What is a “Functional” Fiduciary?
ERISA’s Fiduciary Duties
Understanding the nature of an ERISA benefit-plan-fiduciary is a big deal; naming fiduciaries and identifying “fiduciary-like” decisions is an even bigger one. A recent Fourth Circuit Court of Appeals opinion reminds employers that the types of decisions made regarding benefit plans is vital in determining fiduciary status. Watch this short video to learn the 411 on what it means to be an ERISA fiduciary and continue reading below to learn more about this case.
Ms. Rema Dawson-Murdock (“Rema”) sued her deceased husband’s (“Wayne”) employer, National Counseling Group, Inc. (“NCG”) for breach of fiduciary duties regarding administration of their group life insurance plan (“Insurance”). She sued NCG for (1) failing to inform or misinform Wayne about his continued eligibility under the Insurance; and (2) providing improper advice to a plan beneficiary. NCG argued that neither it nor the VP were “acting as a fiduciary” when managing Rema’s claim. Though the district court dismissed her claims, the appellate court agreed with Rema. Employers now have additional guidance on what it means to function as a fiduciary regarding plan decisions.
As a full-time employee, Wayne qualified for and paid premiums for the Insurance; these payments continued when he changed to part-time status. Upon his death, Rema, as the primary beneficiary, filed a claim for benefits. The VP called Rema before she received Insurance’s response to her claim, informing her NCG would pay the claim and settle matters with the Insurance. However, three days after the VP’s call, Insurance denied her claim, citing Wayne’s change to part-time status and his failure to convert the coverage. Rema, reassured by the VP, failed to file a timely appeal with Insurance. However, shortly after the window for appeal passed, the VP informed Rema NCG would not pay her money on the claim. Rema filed suit for breach of fiduciary duties as outlined.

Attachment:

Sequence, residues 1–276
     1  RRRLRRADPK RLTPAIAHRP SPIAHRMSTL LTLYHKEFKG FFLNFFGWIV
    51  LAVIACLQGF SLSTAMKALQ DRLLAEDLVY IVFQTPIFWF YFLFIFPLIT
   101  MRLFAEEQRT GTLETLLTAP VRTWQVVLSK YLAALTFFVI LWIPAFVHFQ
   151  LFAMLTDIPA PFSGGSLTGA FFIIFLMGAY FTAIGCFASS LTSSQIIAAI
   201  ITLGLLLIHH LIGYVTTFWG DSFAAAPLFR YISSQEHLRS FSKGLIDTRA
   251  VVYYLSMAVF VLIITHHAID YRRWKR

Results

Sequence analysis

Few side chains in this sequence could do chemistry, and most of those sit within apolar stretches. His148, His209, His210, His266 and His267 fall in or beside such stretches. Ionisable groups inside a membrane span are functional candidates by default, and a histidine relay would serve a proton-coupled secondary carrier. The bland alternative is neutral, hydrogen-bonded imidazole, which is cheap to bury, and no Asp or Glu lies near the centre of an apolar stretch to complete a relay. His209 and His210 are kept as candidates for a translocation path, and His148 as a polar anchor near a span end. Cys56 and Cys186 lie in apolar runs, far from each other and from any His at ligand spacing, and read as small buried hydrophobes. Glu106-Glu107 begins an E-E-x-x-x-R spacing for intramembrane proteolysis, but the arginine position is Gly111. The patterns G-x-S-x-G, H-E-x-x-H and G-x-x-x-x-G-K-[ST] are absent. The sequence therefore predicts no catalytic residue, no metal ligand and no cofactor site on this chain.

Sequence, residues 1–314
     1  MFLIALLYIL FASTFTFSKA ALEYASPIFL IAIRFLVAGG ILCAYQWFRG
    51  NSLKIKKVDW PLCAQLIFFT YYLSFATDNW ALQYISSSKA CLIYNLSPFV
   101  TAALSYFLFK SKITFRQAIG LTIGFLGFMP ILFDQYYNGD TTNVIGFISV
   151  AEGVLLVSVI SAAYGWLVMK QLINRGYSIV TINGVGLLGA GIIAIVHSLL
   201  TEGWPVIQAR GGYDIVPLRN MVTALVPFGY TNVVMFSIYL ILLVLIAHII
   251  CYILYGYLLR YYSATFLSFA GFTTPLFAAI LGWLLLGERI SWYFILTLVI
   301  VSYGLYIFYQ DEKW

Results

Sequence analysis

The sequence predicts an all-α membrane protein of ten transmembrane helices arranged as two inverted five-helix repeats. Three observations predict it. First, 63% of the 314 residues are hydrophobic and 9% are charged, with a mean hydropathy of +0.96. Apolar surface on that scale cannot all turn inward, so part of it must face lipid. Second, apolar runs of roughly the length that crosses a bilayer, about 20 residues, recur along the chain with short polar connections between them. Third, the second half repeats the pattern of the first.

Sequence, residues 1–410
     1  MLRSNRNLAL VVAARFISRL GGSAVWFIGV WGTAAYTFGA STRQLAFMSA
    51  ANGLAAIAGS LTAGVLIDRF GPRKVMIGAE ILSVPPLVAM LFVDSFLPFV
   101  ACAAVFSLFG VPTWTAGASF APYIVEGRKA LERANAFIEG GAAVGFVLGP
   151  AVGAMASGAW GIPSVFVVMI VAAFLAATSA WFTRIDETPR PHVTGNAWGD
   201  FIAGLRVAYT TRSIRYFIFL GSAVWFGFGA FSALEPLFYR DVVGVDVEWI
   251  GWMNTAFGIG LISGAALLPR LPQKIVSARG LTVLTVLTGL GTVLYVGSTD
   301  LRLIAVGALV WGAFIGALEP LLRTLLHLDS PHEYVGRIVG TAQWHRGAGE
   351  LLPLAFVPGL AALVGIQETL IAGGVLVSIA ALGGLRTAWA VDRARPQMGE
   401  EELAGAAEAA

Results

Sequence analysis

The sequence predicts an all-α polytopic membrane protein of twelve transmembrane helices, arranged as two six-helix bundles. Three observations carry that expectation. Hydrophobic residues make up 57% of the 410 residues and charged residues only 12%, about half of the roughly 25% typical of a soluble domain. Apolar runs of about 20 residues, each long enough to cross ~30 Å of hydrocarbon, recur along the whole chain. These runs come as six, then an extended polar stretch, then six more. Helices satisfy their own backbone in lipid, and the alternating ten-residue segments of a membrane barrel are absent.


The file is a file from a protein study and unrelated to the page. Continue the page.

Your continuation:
What happened? In a nutshell, NCG failed to perform its fiduciary duties. Here’s what they missed: fiduciaries are not only the plan administrator or those “named” in a plan document, but may also be “any individual who ‘de facto’ performs specified discretionary” duties respecting management, assets, or administration of the plan.
NCG was listed in the Summary Plan Description as both the plan administrator and the “named fiduciary.” The Supreme Court recognized in Mertens* that a named fiduciary is “an ERISA fiduciary” and in other cases made clear that “conveying information about plan benefits to a beneficiary to assist plan-related decision may be fiduciary activity.” Additionally, the Department of Labor states that a plan administrator, by its very nature as such, is a “functional” fiduciary.
Even though the VP of NCG was not the plan administrator or a “named fiduciary,” when he instructed Rema (i.e. provided “tailored advice”) not to appeal the Insurance claim denial, he acted in a fiduciary capacity. Conduct by an employee acting with the plan administrator’s authority is considered “discretionary activity in the administration of the plan” and is therefore a fiduciary activity under ERISA.
ERISA specifies two types of fiduciaries: “named fiduciaries” and “functional fiduciaries.” A named fiduciary is just as it sounds: named in the plan documents. A functional fiduciary is any person who:
1. exercises discretionary authority or control over management of the plan or disposition of plan assets;
2. gives investment advice for a fee; or
3. has any discretionary authority or responsibility in the administration of such plan.
Employers: identify “named fiduciaries” of benefit plans and identify and educate individuals who perform fiduciary-like duties (i.e., “functional” duties). The appellate court made clear that a participant or beneficiary (e.g. Wayne & Rema) does not have to allege a plan administrator or named fiduciaries also satisfy the functional fiduciary test to assert an ERISA claim. Anyone who performs functional duties may be considered a fiduciary.
Decisions considered “fiduciary” in nature:
1. verifying employee eligibility for participation in an employee benefit plan; and
2. conveying (or failing to convey) material information to a plan participant regarding retention of eligibility for a benefit plan when the plan administrator knows the participant wished to maintain participation.
Remember: A fiduciary must:
1. Act solely in the interests of the participants & their beneficiaries;
2. Prudently carry out duties;
3. Follow the terms of the plan;
4. Hold plan assets in trust or with a licensed insurance company; and
5. Pay only reasonable expenses of the plan.
*508 U.S. at 251.